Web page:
"bringen" is super common in German and used much more than its English brother "to bring". Today, we'll go over the most useful phrases and prefix versions. - Part 2
bringen, beibringen, verbringen, umbringen,...
and welcome to our German Word of the Day. Almost April, spring is coming, Germany is about to go into lockdown… AGAIN. Which gives at least those of you who are living here the chance to really learn even more German. Yeay. And today, we’ll look at the meaning of
Uh… I mean bringen of course. But bringen might seem a tad bit boring, because it’s the identical twin of English to bring and the meanings are pretty much the same.
Bring mir einen Kaffee!
Bring me a coffee!
Anyway, so bringen doesn’t really look like a word that we need to talk about, but it’s actually full of surprises. And prefix versions. Want a taste? Well, verbringen means to spend time, umbringen means to kill. Clearly, there’s a lot to talk about so are you ready to jump in? Then let’s freaking go. Continue reading →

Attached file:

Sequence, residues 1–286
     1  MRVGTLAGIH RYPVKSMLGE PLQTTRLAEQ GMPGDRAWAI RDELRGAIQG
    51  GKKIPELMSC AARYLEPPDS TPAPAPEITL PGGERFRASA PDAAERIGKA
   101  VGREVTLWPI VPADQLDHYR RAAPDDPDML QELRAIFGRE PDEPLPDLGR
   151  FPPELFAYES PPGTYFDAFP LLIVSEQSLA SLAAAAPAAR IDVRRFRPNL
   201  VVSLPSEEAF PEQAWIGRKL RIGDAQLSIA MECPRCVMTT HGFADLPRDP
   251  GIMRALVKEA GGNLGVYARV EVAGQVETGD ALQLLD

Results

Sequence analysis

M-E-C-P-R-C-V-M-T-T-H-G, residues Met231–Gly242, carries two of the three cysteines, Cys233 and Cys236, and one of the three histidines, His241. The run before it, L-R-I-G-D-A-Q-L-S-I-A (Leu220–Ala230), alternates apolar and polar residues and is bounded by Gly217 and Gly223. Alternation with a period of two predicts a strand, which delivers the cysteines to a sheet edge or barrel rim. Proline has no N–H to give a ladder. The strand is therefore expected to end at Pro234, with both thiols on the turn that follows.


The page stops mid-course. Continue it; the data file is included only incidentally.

"abhängen" is one German translation for "to depend". Today, we'll learn why it means that and how it connects to relaxing and taking down laundry. - Part 2
and welcome to a new episode Prefix Verbs Explained. Imagine a verb you can use in the following 4 contexts: talking about dependencies, car chases, doing laundry and chillin’ with the crew. Is that too crazy? Well, that depends on the language. For German, verbs like that are bread and butter business :). Ladies and Gentlemen get ready for a look